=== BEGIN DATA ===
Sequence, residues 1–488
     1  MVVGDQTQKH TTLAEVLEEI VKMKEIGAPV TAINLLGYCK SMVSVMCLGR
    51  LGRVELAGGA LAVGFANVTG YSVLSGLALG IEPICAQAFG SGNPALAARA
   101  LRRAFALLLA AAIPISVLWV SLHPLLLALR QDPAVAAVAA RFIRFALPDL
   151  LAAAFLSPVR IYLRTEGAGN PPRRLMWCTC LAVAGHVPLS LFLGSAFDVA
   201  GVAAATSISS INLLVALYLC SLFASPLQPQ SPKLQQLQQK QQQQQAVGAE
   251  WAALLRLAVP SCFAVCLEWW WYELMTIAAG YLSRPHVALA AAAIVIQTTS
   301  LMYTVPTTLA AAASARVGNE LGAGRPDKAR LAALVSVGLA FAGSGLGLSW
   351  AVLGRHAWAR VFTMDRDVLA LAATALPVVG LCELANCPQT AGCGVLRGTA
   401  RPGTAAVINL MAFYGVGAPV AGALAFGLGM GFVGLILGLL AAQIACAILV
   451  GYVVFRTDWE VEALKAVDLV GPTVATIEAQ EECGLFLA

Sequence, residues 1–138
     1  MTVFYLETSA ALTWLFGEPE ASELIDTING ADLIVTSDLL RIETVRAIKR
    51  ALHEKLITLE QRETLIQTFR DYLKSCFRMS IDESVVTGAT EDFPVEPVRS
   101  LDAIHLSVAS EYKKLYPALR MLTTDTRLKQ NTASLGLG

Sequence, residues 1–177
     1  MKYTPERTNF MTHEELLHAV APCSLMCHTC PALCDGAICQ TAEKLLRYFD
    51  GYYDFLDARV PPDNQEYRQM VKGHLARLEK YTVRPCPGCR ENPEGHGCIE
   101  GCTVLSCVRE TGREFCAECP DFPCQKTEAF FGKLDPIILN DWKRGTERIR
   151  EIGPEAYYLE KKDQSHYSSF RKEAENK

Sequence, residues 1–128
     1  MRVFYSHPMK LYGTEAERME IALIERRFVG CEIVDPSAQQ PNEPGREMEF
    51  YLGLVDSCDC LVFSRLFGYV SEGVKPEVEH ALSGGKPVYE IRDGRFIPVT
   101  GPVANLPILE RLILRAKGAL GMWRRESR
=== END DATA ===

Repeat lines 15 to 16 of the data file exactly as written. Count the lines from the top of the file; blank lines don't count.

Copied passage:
   101  LDAIHLSVAS EYKKLYPALR MLTTDTRLKQ NTASLGLG

Sequence, residues 1–177